We are now into the initial phases of implementing pilot projects as part of our involvement in the Water Resilient Cities project.
Lead Partner Plymouth City Council have already begun works on site in the iconic and key commercial quarter of the city, Armada Way. Armada Way is situated in Plymouth’s city centre and is the city’s principle north – south linking street. This area connects the rail station at the north with Plymouth Hoe parkland and the city’s waterfront to the south. It was a key feature of the city’s rebuilding following the blitz in WW2. The project area is therefore a strategic green and blue corridor with a great deal of potential for maximising the co benefits of integrating SUDs compatible tree pits into the hard landscape.
The route is 1.25 Km in length and averages 45.5 metres wide, constituting an area of approximately 5.6 hectares of public realm. Previous administrations have also been keen to utilise this space as high quality landscaped public realm. Designed in 1943, it was built out in the 1950s as a wide boulevard with two-way carriageways both sides with feature greenspace in the middle lined with a double avenue of trees. During the 1980s, the main northern section was pedestrianised and an elaborate ornamental landscape style became characteristic of the area.
So why this area and what are the benefits of piloting SUDs tree pits solutions? It is critical to ensure that such projects are connected with an overarching vision for a city’s future development and that the community are engaged. A representative of the design team on this project provided the following comments to contextualise this, explaining that the council wishes to encourage a greater diversification of uses within the public realm to attract and support new residential, office and evening economy uses into the city centre. We want to connect and show off the city’s best assets.
The city wants to regenerate the public realm such that it’s built to last, reducing maintenance costs and generating revenue. The rationale for integrating SUDs was crucial:
We want to embed SUDs into the public realm wherever possible, but it has to be multifunctional as well as being attractive, supporting wildlife and green infrastructure, and encouraging children’s play. We need to find a way of channelling rain water from existing and new development roof tops, plus surface water run-off from hard surfaces in the associated catchments to our new SUDs system to maximise its potential.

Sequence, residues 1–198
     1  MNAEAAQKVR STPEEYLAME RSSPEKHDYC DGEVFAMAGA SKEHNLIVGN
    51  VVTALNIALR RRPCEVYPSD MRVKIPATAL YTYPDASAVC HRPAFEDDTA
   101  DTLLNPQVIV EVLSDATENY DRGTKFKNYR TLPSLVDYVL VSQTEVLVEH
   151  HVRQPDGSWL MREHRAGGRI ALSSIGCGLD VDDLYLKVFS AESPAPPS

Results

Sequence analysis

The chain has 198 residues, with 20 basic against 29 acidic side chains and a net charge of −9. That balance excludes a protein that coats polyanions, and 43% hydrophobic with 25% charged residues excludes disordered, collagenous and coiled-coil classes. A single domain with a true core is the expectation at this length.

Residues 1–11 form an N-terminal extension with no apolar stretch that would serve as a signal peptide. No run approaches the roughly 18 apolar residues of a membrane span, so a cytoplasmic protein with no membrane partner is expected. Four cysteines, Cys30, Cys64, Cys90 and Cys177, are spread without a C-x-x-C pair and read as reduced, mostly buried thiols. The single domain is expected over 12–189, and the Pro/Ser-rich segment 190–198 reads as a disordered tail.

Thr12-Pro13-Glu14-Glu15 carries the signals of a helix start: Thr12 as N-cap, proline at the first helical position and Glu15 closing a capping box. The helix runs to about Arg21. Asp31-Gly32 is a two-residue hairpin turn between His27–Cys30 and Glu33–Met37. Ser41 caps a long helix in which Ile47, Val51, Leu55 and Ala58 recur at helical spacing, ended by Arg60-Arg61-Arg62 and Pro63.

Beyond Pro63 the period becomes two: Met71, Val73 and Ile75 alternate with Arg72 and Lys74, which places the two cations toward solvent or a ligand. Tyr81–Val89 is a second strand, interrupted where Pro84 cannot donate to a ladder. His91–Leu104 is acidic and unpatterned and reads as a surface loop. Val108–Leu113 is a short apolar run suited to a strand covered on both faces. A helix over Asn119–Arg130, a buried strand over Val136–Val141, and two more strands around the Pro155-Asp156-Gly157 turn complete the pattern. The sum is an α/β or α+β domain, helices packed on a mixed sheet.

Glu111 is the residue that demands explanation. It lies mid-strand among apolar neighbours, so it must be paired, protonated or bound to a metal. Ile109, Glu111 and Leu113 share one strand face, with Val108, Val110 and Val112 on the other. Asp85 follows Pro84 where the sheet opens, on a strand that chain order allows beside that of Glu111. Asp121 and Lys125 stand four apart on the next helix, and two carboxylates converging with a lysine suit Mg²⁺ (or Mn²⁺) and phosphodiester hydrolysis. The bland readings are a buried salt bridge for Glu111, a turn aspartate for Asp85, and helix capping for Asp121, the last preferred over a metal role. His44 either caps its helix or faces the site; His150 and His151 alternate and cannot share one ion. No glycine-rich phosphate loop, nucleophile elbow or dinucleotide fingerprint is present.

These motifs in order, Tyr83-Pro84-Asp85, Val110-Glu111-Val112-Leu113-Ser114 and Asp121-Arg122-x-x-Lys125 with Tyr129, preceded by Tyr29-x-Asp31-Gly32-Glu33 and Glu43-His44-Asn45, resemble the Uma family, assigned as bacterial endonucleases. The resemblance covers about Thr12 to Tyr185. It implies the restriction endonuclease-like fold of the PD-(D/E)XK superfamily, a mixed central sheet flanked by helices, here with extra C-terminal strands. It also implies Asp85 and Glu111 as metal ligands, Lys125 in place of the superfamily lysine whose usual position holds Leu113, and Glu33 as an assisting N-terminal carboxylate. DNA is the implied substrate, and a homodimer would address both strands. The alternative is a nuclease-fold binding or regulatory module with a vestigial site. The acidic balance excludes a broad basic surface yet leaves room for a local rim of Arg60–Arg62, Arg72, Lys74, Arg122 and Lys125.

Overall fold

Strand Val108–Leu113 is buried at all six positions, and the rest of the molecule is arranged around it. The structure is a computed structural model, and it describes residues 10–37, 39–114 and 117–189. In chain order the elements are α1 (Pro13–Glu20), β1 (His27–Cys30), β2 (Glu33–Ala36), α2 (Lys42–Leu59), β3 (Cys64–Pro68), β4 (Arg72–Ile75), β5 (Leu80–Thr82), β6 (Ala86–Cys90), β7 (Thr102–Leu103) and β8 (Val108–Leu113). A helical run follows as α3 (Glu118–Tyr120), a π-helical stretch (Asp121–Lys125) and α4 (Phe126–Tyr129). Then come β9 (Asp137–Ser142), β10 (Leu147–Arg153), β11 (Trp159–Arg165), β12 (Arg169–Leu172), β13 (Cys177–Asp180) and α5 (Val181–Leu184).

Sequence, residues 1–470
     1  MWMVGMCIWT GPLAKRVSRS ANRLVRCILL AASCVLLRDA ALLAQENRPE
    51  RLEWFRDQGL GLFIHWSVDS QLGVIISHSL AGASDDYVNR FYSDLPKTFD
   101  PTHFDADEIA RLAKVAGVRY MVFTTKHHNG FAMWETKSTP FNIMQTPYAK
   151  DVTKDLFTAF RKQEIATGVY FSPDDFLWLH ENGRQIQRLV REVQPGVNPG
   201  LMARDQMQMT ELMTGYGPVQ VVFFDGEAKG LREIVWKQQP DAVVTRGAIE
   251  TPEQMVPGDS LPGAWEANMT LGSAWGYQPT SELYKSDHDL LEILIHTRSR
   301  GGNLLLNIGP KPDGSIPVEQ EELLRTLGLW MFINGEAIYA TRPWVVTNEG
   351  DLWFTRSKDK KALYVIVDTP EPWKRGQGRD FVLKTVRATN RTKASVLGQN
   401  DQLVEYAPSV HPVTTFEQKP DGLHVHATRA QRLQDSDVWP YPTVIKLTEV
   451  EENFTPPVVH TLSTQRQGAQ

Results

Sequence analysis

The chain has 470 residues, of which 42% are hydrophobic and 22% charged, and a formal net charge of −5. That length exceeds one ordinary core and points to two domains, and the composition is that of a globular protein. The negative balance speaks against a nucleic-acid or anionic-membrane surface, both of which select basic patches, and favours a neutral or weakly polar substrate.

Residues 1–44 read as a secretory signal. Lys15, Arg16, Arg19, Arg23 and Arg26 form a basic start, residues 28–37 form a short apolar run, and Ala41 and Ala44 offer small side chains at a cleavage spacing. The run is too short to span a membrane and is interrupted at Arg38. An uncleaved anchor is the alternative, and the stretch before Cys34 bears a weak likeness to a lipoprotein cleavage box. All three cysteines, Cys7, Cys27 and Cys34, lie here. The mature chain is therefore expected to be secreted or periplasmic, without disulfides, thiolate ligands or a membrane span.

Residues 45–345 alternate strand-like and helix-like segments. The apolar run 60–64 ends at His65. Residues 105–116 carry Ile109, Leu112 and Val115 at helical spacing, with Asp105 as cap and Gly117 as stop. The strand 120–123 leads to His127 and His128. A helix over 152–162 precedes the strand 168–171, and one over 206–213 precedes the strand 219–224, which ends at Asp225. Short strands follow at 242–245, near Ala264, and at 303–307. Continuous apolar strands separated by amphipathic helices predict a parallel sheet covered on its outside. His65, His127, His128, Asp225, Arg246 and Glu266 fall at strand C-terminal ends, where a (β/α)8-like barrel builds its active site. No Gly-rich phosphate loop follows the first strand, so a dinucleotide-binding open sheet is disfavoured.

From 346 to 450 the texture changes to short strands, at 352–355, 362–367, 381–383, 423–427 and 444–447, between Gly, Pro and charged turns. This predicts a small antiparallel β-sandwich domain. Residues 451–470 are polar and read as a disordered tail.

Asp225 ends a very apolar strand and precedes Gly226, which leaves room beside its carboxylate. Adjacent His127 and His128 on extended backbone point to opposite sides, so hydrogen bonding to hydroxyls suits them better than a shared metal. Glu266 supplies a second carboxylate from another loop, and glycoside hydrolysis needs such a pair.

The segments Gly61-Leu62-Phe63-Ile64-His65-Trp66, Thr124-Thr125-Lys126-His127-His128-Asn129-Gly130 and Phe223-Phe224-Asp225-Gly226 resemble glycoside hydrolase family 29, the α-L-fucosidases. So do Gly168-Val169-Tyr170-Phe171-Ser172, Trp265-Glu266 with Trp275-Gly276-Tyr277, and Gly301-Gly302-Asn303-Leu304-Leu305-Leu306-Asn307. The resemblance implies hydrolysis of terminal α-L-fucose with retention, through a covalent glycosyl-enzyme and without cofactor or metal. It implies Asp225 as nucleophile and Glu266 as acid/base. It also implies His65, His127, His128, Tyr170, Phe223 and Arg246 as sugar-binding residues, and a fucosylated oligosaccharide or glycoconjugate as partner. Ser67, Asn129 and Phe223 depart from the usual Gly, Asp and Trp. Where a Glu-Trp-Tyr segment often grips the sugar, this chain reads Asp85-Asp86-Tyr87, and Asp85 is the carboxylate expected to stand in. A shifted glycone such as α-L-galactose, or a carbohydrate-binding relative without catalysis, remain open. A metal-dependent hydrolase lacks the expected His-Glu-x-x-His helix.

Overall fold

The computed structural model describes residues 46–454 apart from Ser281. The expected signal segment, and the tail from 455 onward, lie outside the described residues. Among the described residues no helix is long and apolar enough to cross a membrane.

The design team in Plymouth emphasised the following points
The SUDs designs need to be simple and easy to maintain so that the city can understand, afford and maintain those new assets.
It is clear that communication and simplicity of approach, design and long term maintenance must work in tandem to ensure the more widespread adoption of the engineered SUDs tree pit solution. Our CEO Dean Bowie has been to visit the site as part of the technical and design support element of the project partnership and monitoring of the implementation process will provide us with vital information for product development and our future collaborations with public sector and private sector partners. A detailed case study will follow shortly!
Plymouth City Council are currently undertaking one of the UK’s most impressive regeneration schemes. Better Places – a £27 million project will provide more walkable streets, better cycling routes and more welcoming public places – making Plymouth a safer more sociable place to live and visit.
Following on from the success of the 1st event in Mechelen, Belgium in 2017, the second WRC (Water Resilient Cities) event focuses on the added benefits of SUDS and how they can be realised through integrated design to be held in Condette, France.
The event not only meeting drainage needs, delivering benefits for amenity, biodiversity, air and water quality, and many more.